cane season

13Aug10

This time of year is so fresh, so rife with clouds and change. As a school child, I loathed it. The ominously close, turbulent skies and intermittent sunshine signified a darkening in my soul that came with going back to school. I vividly remember sitting on the schoolbus and lamenting the drizzle and cloudcover. Flash forward 25 years and I’m remiss to loathe anything about it. With a little understanding, this time of year just feels good.

On the Atlantic coast, June through November marks what is known to it’s inhabitants and weather enthusiasts as hurricane season. The weather patterns don’t usually pick up strength until August, when rapidly warming ocean temps clash with dominant air pressure cells to generate to telltale soupy grey skies and winds that hang low over land. Far from the ocean, this type of weather feels like punishment. Less than 200 miles East, it’s very, very different.

From now until the ocean water grows cold in late fall, tropical depressions and super low pressure systems will bring dependable surf to our coast. There is no strong, reliable surf without the turmoil and grey skies of August and September. It wasn’t until my roaring 20s that I discovered this secret that turns my beloved Jersey Shore, the object of ridicule by many, into a bona fide Private Idaho, Shangri-la, mini mecca, or any other reverant name you can attach to a place. These fluctuations in bariatric pressure cause the waves to built into organized swells, with specific velocities, wave heights, and currents, that when the conditions are right, create surfable New Jersey shorelines.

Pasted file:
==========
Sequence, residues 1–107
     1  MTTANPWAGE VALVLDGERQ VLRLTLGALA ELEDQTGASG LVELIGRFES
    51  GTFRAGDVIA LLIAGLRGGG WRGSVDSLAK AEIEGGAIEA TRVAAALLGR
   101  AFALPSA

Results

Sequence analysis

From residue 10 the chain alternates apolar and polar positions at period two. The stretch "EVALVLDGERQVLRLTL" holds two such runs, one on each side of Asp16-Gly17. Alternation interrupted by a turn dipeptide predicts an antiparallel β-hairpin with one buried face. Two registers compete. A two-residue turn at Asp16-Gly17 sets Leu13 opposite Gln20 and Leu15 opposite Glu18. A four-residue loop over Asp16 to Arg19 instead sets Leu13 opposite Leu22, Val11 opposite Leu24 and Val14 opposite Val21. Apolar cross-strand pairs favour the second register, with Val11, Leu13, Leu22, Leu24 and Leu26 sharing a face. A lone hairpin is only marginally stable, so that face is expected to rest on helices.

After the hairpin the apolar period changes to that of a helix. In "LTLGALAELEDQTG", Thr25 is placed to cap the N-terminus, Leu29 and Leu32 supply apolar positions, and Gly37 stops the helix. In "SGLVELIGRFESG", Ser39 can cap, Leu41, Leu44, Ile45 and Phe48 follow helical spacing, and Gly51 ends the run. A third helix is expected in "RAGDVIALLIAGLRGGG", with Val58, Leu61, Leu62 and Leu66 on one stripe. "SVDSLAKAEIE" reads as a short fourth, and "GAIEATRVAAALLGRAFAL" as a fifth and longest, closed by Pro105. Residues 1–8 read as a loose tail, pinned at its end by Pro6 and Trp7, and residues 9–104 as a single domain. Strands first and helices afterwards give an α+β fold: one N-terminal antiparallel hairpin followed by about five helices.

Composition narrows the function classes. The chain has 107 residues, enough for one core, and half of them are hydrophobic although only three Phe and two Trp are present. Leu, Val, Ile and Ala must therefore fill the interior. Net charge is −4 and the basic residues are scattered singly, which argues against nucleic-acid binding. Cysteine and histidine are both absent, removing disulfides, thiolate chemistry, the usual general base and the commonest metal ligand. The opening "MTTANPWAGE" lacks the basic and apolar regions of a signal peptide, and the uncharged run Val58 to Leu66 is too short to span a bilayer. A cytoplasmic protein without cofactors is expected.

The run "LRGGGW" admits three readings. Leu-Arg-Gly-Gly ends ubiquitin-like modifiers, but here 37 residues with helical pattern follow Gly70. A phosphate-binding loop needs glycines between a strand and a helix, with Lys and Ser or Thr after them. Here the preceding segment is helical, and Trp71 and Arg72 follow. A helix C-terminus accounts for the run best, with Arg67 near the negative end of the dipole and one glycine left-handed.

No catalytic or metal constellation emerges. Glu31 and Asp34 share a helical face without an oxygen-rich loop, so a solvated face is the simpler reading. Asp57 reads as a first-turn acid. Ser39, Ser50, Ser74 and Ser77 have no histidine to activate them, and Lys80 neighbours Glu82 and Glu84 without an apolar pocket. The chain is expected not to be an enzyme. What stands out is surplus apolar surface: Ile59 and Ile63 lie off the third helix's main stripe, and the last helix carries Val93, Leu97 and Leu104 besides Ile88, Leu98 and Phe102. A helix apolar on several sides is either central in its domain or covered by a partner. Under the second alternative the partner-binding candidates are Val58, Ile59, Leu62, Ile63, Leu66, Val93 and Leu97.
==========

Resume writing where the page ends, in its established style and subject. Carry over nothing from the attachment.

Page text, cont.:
I’ve been out in hurricanes with waves of 10-15′ and there is nothing on the planet that makes me feel more alive. I look back fondly on the days when I was surfing Ocean City with “Hamburger”, pounded by beach break, paddled out and felt what it was like to be your own ocean-going vessel.  I knew right then a 9-5 job would never do.  I need the freedom to drive out to catch a swell, regardless of what day of the week it is, or how far away.  I wait for the day when my son is old enough to join me in the water. Until then, yearly hurricane season sabbaticals with have to tide me over.

6'2" Lost fish

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